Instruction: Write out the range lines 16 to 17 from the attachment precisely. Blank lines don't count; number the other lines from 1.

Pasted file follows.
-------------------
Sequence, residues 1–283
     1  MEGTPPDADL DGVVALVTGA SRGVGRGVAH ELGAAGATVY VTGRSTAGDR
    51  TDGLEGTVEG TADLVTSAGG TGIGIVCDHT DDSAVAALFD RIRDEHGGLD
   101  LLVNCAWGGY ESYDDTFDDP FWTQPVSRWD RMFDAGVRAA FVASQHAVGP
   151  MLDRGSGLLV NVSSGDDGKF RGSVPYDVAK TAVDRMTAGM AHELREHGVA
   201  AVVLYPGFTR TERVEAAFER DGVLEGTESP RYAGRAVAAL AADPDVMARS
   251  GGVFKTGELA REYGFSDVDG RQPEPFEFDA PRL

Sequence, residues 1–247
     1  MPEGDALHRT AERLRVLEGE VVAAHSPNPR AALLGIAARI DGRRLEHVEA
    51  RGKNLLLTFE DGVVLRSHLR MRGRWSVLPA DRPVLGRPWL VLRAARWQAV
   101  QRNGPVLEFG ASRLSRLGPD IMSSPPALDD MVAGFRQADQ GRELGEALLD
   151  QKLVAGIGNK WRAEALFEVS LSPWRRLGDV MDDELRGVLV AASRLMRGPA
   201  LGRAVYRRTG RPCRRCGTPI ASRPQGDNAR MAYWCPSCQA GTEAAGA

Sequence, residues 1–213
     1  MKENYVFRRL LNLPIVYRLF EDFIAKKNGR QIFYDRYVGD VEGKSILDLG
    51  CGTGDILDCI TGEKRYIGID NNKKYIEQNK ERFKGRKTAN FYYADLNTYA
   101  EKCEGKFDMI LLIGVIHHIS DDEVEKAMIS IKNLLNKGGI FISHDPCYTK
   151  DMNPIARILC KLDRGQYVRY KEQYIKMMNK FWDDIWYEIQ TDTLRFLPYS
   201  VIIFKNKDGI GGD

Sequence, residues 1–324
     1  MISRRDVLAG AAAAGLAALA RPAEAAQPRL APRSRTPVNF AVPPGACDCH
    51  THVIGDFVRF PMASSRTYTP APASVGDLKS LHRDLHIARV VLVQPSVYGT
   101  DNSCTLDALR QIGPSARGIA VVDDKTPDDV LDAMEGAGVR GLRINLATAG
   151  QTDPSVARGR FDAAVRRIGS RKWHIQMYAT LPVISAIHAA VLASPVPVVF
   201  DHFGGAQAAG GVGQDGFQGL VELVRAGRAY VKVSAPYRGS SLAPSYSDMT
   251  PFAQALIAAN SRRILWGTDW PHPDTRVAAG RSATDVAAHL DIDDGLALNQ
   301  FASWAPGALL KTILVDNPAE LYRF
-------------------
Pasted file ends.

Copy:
    51  CGTGDILDCI TGEKRYIGID NNKKYIEQNK ERFKGRKTAN FYYADLNTYA
   101  EKCEGKFDMI LLIGVIHHIS DDEVEKAMIS IKNLLNKGGI FISHDPCYTK